My son, in his 40s watches with interest. But with a young family, a busy corporate life and a working wife, not to mention a heavy mortgage, he simply does not have time to shoot enough rounds to warrant reloading let alone casting. Like the guy re the overtime, the justification to take either up is not a monetary one, irrespective of the price of ammo. He can afford to buy what he needs, if its available.
There are only a couple of reasons to reload and cast that I see as relevant.
For reloading Pistol you have to be shooting high volumes to get a financial return. Otherwise you will reload because you love doing it or because its the only way you can get the ammo you need. Perhaps one other reason. In our country over the counter ammo purchases are recorded. Nuff said.
For rifle, few people who don't compete put enough lead downrange to warrant reloading - no matter the cost of a box of ammo. If you don’t get thru 20 rds a year why would you? In that respect there is another discussion to be had as to how effective a shooter/hunter you can be with that amount of time on the trigger but another day for that. And for those who do compete, even with the high current prices of ammo, if you are in well paid employment, its just a cost of your sport. Golfers don't make their own golf balls.
So the real driver for reloading comes from the perceived benefits. Cost if you shoot high volume, or, if you are cash poor but time rich. Availability if you can't buy off the shelf or if you are chasing decimal points in MOA. After that the only thing left is fascination. I reload and I will cast mostly because it fascinates me.
Historically, the broad interest and engagement in reloading, and casting was driven by something I grew up with as a Baby Boomer and which changed dramatically for us along the way. That is the balance between having cash and having time. My adult life has mostly been cash rich and time poor compared to my parents and grandparents and the prior generations. Those are the generations that were the heyday of doing it yourself. Nothing was made in China and Made in Japan was synonymous with cheap and nasty. I grew up with the term "Jap Crap" How the world has changed. Back then, if you didn't or couldn't make it you often didn't have it. Lee Loaders, the Lyman 310 Tong Tool, etc are examples of products that allowed cash poor, time rich folk to make the means to put meat on the table. Literally many thousands of them. And for many that was the only way they could get meat. By hunting nd by hunting with roll yer owns. Again, how the world has changed. Lee Loaders pushed out of the way by cling wrap and upsized burgers with fries.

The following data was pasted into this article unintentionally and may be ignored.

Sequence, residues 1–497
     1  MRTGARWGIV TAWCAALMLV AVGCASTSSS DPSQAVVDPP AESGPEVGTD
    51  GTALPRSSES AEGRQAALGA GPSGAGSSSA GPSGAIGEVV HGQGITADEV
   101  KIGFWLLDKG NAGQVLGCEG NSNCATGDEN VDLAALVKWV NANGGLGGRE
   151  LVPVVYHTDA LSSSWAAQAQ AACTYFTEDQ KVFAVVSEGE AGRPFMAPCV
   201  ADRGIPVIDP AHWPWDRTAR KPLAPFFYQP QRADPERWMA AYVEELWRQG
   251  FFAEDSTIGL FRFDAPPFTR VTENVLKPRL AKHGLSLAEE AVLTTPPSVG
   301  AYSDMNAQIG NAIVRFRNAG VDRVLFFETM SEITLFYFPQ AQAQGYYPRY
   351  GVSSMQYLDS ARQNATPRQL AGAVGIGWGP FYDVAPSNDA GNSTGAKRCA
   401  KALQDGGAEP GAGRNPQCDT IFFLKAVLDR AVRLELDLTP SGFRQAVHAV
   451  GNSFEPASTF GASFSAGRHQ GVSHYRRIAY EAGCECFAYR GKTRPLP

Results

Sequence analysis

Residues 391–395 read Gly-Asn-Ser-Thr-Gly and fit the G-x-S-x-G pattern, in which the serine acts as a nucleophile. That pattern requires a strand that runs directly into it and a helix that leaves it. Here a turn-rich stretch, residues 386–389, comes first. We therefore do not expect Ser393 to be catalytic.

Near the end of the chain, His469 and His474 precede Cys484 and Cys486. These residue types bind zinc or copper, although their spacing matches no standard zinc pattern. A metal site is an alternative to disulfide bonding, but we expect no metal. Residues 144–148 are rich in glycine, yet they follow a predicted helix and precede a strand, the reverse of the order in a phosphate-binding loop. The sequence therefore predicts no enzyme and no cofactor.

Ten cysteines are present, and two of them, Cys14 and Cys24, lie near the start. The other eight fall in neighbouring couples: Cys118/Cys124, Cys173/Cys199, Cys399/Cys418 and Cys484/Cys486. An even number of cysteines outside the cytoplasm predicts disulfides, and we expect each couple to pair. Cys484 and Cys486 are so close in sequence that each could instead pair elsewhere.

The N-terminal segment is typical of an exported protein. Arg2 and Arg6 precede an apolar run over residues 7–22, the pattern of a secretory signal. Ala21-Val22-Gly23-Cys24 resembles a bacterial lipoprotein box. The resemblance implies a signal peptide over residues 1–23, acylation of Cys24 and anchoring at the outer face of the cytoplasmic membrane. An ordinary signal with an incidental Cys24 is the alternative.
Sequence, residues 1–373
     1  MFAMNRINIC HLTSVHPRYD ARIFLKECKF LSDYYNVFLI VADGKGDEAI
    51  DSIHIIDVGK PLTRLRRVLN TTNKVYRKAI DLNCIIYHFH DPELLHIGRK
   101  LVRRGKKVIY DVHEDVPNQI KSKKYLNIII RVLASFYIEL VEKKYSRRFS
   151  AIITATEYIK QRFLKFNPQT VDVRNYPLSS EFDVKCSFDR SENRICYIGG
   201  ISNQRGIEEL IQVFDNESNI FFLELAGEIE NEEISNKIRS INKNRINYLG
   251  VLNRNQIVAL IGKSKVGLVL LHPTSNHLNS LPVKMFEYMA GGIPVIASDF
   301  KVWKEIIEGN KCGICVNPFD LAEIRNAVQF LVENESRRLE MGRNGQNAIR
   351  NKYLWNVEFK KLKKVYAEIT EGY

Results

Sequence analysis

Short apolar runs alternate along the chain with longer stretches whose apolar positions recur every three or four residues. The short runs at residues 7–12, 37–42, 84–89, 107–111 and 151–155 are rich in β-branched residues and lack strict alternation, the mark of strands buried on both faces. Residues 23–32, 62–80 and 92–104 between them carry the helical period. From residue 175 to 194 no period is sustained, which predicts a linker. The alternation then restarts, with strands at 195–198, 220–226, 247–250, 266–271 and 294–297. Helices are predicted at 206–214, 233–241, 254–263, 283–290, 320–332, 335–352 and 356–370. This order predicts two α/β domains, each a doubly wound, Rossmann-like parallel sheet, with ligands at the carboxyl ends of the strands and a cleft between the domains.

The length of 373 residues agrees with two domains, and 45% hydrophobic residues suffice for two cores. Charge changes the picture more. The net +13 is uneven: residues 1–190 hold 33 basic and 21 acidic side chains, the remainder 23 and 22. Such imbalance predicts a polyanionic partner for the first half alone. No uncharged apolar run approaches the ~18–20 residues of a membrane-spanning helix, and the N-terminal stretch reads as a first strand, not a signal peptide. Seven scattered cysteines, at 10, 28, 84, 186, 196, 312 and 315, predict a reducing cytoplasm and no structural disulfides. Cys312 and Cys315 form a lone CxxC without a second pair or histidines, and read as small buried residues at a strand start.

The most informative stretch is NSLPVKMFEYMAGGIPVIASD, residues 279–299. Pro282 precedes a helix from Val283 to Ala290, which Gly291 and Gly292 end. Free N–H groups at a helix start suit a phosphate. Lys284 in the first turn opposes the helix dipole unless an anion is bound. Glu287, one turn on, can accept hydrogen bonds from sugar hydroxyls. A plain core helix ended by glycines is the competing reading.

The world tends to work in cycles of a sort. Perhaps our task is not to recruit the unrecruitable but to preserve the knowhow.
I have a bunch of grandkids, all but one are boys and the eldest are now 15. I take them all shooting and hunting. The interest waxes and wanes with the exception of a 9yr old who is besotted and sits at my reloading bench maki g ammo for his dad. A couple of them I suspect will move on to other things and are unlikely to come back to it. But at least its within their horizons. The girl is a hot prospect. The pig in the pen is not a pig to her, its bacon! The feral goat is just another kind of lamb roast! Some of them are too young right now but they will get their chance.
Interestingly a couple of young tradies who did some work for me and who hunt a couple of times a year asked me to load for them. I made the bench available and had them roll their own. Hooked! A mate from Uni days, a few years younger than me, and finallyb retiring, put his hand up for help to buy a couple of new rifles including his first deer rifle, a 7mm08. He has some cast and some jacketed ammo from me to put thru it on his first range visit. And bought his first jugs of powder.
But who knows. A little here, a little there. Bread on the waters. And a forum like this plays a huge part in preserving the knowledge, furthering the sport.
PS. Dinner tonight was Shepherd's Pie made with slow roast Goat Shoulder cooked in gravy beans, carrots, garlic and onion, meat pulled and returned with layer of frozen peas, corn and garden spinach all topped with a mashed potato crust sprinkled with grated cheese and ground pepper then baked for 30 min. From hill to table, a young nanny, neck shot at 65m with a hand loaded 223 from a Ruger Ranch II. (A cast bullet from my 44-40 next year I hope). Yum!